frustum Lead commenter

    If you're having to take painkillers, or see a doctor, maybe you could ask about a referral to occupational health, who might be able to advise on the necessary adaptations (ie a suitable chair) to prevent you suffering more ill health.
    The pregnant colleague needs to get something put in her risk assessment - it can be reviewed, and if the lack of suitable furniture is a problem, it should be.
    Oh, and don't accept "it's not a problem for me". It might not be, but it is a problem for you, and if not tackled, they could end up with you signed off with more serious back problems.
     
  9. the lovely TA I worked with last year had a bad back - the school consulted with her and bought her a stool on wheels that kept her in a comfortable position, but in the end she accepted defeat and moved to year 1 along with her stool!
     
  10. I'm a yr2 teacher and although our furniture is not 'iddy biddy', it is still small. I use either a stool or a gardener's kneeling pad rather than the children's chairs. I can easily move around the table to support different children and in my small classroom neither of them take up much space.
     
  11. lrw22

    lrw22 Occasional commenter

    I worked in Early Years for a few years and often had backache. Moved to key stage 2 and problem was solved. I'm sure that there are health and safety rules in place in offices and factories to prevent employees from developing back problems. Why should education be different? Oh yes because we are all supposed to suffer in silence for the benefit of the children and their education. [​IMG]
     
  12. I can sympathise!
    I am working in a nursery and a creche at the moment, and they have very mini furnature. I have resorted to sitting on the floor! A pillow helps ;)
    When I had a placement in a Reception class, I used to manage on the diddy chairs in their, but always ended up with bruises on my knees where I would hit them on the tables.... either when I walked past or when I was trying to stand up/sit down! [​IMG] The joys of working with the younger ones! The banter is worth it though :)
    Hope you find a solution.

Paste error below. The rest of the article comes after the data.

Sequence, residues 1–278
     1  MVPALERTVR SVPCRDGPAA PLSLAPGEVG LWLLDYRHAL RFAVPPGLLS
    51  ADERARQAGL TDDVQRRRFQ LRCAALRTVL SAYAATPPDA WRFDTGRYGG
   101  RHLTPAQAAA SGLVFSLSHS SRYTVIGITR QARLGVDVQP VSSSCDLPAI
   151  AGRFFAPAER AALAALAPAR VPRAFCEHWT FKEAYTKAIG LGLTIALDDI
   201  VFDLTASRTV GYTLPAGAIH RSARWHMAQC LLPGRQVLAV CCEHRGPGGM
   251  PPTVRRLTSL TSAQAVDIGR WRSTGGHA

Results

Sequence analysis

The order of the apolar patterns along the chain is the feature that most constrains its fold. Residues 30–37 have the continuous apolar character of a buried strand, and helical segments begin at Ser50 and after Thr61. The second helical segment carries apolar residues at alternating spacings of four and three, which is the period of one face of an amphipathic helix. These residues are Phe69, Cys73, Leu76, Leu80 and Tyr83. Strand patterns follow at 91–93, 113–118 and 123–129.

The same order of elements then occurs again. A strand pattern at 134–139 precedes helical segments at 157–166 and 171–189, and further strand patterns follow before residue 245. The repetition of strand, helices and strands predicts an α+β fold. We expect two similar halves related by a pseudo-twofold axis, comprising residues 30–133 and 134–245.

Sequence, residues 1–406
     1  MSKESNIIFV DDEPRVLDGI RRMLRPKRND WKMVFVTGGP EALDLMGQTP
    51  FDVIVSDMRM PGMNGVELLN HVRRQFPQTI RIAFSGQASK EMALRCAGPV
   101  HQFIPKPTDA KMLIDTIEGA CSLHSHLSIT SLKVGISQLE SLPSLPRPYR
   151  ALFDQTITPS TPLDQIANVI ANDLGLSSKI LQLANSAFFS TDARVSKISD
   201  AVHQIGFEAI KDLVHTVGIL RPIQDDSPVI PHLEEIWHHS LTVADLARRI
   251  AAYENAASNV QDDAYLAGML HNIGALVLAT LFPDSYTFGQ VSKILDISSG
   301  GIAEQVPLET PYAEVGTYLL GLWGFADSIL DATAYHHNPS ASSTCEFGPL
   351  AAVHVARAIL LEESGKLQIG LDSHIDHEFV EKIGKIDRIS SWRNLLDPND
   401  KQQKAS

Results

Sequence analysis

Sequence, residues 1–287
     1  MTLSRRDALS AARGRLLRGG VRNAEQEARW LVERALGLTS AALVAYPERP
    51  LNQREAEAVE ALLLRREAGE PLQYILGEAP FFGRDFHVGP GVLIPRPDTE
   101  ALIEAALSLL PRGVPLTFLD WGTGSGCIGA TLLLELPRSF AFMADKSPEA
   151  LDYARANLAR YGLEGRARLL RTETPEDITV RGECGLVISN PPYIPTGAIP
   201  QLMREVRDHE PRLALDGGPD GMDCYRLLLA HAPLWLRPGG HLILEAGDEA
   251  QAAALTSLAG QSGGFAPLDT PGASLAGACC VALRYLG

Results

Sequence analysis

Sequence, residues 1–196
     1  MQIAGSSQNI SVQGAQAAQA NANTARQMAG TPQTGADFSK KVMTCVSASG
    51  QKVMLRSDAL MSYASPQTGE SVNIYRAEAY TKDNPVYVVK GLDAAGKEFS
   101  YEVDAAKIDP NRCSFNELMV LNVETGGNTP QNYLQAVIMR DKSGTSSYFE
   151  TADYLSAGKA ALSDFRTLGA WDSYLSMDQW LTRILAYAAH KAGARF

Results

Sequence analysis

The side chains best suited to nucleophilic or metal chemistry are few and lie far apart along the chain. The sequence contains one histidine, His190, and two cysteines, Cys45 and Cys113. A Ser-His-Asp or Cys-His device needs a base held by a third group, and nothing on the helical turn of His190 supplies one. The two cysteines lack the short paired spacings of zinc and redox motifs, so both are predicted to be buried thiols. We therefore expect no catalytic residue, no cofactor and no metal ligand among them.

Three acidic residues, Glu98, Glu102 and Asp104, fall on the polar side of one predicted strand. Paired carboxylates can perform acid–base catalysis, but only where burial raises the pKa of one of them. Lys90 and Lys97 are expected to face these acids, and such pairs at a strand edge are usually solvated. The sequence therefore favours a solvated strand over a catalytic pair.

13. I work as an early years consultant. When I visit pre-schools and nurseries, I ask for an adult chair and usually someone finds me one. If I going to deliver training I request that I and the practitioners have adult chairs. They usually find me one, but most of the practitioners are sitting on chairs for 2 or 3 year olds. I often carry a fold up adult chair in my car and if they cannot find me a chair (sometimes in church halls someone has locked the chairs up) I will bring it out.
    None should be expected to sit on child sized chairs.Go to your doctor, physiotherapist or trade union.
    Where else would this happen?
     
  14. Couldn't agree more - I am in Y1/2 and have had the same problems. As I had been in KS2 for 7 years, my problem was seen as a 'pre-existing condition' and OT wouldn't help. I had an OT person talk to me and make recommendations - but nothing can or will be done - I am now paying for private physiotherapy to keep me upright and into work every day.
    Completely Sympathetic


     
  15. 15 years of Reception chairs did such damage to my back that my head bought a posture seat for me, solved the problem!
     
  16. Absolutely right. If Unions are as useless as teachers say here, then someone (teacher with a solicitor/barrister spouse, sibling etc) needs to look at the legislation for H&S and disabled rights at work, then make a formal written complaint. It would be good if someone just a few years off retirement, so not bothered about threats to future employment, did it, as they would be able to spin it out against recalcitrant management to get it before a judge. That, rather than a settlement, is what is needed for every other teacher to benefit from it.